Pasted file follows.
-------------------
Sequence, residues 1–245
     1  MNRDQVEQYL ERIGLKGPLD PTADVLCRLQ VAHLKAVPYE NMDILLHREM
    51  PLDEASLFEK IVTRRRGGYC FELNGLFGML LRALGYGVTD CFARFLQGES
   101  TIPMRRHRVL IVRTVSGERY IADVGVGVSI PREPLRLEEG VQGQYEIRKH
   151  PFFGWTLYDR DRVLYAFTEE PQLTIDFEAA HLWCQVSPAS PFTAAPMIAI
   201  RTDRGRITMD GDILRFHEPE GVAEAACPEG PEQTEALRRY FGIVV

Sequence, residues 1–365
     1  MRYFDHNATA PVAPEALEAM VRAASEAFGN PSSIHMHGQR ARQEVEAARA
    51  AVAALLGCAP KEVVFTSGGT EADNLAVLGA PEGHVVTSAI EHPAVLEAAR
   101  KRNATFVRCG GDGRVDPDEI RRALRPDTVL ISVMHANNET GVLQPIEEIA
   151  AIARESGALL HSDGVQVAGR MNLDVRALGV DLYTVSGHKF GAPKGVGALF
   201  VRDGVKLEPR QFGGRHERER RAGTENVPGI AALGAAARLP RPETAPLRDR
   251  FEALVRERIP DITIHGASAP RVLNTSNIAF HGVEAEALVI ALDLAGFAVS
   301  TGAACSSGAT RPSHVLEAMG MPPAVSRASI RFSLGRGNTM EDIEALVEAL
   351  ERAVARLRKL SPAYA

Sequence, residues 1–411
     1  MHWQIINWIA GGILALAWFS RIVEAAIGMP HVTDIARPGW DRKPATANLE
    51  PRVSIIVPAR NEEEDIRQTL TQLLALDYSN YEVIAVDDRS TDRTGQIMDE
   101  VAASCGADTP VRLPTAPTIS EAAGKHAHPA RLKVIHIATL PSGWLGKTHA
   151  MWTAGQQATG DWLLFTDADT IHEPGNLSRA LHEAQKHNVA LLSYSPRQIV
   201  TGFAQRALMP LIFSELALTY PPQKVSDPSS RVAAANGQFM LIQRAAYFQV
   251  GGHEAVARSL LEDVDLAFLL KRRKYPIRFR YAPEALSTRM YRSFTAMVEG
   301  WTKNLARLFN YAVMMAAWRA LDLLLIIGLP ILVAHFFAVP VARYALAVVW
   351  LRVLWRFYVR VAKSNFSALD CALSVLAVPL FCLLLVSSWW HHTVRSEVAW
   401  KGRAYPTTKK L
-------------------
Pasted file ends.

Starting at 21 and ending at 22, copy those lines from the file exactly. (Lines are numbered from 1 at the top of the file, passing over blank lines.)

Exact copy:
   201  TGFAQRALMP LIFSELALTY PPQKVSDPSS RVAAANGQFM LIQRAAYFQV
   251  GGHEAVARSL LEDVDLAFLL KRRKYPIRFR YAPEALSTRM YRSFTAMVEG